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By Danielle Torrent

The field of restoration ecology, in which native flora and fauna are re-established to create more sustainable environments, is taking off in the 21st century as researchers become more aware of the potentially negative impacts of invasive, non-native species. Humans are among the “non-natives” in many areas, having taken over as apex predators in many situations. In the Bahamas, the arrival of humans about 1,000 years ago led to a considerable disruption of the natural food chain.

With a three-year $164,000 National Science Foundation grant awarded in September 2011, Florida Museum of Natural History ornithologist David Steadman is digging into 6,000 years of history, with hopes that a better understanding of how island organisms respond to human influence may aide  efforts to restore a more functional ecosystem. By collecting fossils from the Bahamas over the last 6,000 years, well before humans reached the area, he will also analyze how plant and animal communities responded to long-term natural environmental fluctuations.
ornithologist David Steadman rinses fossils
Florida Museum ornithologist David Steadman rinses fossils collected on Abaco Island in the Bahamas. © Photo by Janet Franklin

“People arrived in the Bahamas and soon they wiped out the tortoises, they wiped out the crocodiles, and became a new apex predator capable of eating just about anything, marine or terrestrial,” said Steadman, Florida Museum natural history department chair. “People are also warm-blooded, or homeotherms, so we need more energy per pound of body weight to keep going. This requirement rearranges energy flows. All that gets complicated even further by people wiping out certain species, whether they’re prey species or other predators, and introducing non-native plants and animals.”

Steadman’s research, a collaborative project with two Arizona State University geography professors, focuses on the fossil record of Eleuthera and the two Abaco islands in the Bahamas. The project began in January with a trip to Abaco for the Abaco Science Alliance Conference, a meeting held every two years that involves scientists and includes outreach to local residents and students of all ages.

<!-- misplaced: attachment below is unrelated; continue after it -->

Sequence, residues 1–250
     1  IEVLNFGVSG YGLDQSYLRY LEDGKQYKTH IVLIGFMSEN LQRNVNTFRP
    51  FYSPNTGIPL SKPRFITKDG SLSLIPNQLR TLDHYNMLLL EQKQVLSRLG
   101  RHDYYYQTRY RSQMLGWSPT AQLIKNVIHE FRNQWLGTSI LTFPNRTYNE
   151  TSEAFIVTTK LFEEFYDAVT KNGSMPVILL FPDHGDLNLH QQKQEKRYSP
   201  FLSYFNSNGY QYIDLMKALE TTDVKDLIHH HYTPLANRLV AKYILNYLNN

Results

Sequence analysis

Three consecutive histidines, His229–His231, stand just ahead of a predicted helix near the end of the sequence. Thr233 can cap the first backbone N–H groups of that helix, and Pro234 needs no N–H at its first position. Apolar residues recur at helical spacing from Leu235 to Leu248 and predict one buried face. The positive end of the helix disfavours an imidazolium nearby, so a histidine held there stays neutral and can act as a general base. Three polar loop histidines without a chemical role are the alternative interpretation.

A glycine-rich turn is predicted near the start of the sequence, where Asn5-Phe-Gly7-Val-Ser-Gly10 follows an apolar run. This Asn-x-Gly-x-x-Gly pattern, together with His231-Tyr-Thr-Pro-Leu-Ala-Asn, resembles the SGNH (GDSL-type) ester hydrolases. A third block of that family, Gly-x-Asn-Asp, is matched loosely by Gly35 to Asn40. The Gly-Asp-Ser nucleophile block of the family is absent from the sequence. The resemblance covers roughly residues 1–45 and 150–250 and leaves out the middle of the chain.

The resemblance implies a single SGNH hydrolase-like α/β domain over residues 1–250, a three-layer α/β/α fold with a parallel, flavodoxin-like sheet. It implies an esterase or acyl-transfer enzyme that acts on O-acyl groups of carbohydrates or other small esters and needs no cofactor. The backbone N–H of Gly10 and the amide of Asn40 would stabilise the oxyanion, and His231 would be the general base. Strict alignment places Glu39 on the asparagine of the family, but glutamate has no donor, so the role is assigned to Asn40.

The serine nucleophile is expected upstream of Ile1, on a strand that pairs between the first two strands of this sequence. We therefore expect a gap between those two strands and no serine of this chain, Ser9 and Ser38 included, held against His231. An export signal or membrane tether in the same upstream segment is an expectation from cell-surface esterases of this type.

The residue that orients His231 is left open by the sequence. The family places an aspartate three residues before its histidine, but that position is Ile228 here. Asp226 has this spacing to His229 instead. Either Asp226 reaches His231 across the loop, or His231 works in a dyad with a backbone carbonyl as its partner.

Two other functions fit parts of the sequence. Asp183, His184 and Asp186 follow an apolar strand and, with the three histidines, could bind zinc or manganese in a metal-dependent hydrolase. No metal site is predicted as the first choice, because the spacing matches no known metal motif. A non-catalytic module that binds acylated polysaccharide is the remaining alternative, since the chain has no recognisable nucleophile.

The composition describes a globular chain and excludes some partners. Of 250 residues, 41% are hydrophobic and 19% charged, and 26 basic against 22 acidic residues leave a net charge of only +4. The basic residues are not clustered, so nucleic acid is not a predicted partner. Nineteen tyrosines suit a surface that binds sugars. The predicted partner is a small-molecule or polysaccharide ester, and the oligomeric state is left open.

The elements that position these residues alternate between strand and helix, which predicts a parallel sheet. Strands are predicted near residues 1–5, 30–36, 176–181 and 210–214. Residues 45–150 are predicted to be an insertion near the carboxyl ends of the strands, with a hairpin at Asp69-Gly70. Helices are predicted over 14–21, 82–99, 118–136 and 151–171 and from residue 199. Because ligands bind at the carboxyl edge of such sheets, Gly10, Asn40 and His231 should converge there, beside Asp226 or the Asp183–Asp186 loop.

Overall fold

Sinkhole in the Bahamas
Scientists and divers recovered fossils including crocodiles, tortoises, snakes and bats from this sinkhole in the Bahamas. © Photo by Curt Bowen, Advanced Diver Magazine

“The conference this year was unbelievably good,” said Steadman, who presented new research showing ancient tortoises were the largest herbivores and “Cuban” crocodiles were the apex terrestrial predators, rather than marine. “It’s not just a scientific conference — you talk to the students and they pick up on so many refreshing ways of looking at things. My best conversation during those two days was with three 11-year-old boys who came up to me afterward and just had these great questions about blue holes (flooded sinkholes containing fossils) that they know of in their neighborhood.”

Because the Bahamas are comprised of 100 percent limestone, or raised carbonate coral sand, plant and animal fossils are exceptionally well-preserved, he said.

“The organic fractions of the plants and animals there are still intact, so we can do radiocarbon dating to get a precise chronology,” Steadman said. “Then, we can analyze stable isotopes of carbon and nitrogen to tell us how these animals are functioning in terrestrial ecosystems versus freshwater versus marine, and who’s eating who.”

The idea for the project was spurred by scuba divers’ recent discoveries of abundant fossils in blue holes, named for their deep blue color caused by the shadows of their surrounding walls. Steadman has studied some fossils from blue holes, including two extinct tortoise species and other animals no longer found on the islands, including the Cuban Crocodile and Cooper’s Hawk, among other birds, snakes, bats and lizards.

Steadman measures width of trees
Steadman measures the width of trees on Abaco Island in the Bahamas. © Photo by Janet Franklin

Other terrestrial specimens, including charcoal, pollen, spores and plant macrofossils, will be used to evaluate rates of biological change. Steadman plans to begin excavations in Eleuthera during the University of Florida’s 2012 spring break, when he will lead fieldwork with his island biogeography class.

“I’ll have a lot of eager minds and strong backs to excavate fossils in dry caves,” he said. “We’ll have the scuba divers there to bring fossils out of blue holes and we’ll be surveying modern lizards, birds and plants to give the students a pretty intense six days of digging up the past, as well as understanding what’s happening on the islands today.”

As low-lying oceanic islands, the Bahamas are particularly vulnerable to climate change and natural disasters, and Steadman hopes the research on how prehistoric and contemporary plant and animal communities responded to long-term environmental fluctuations will shed light on how they might respond to climate change in the future.

“Some islands are pretty well trashed now, while on other islands, the ecosystem is still functioning in a fairly natural way,” he said. “But even on the most ‘pristine’ islands, the ecosystems are functioning differently than in pre-human times. If we can determine the natural background level of change that these surviving plants and animals can adapt to, we can use the information to try to come up with conservation programs that would actually improve the future of these islands.”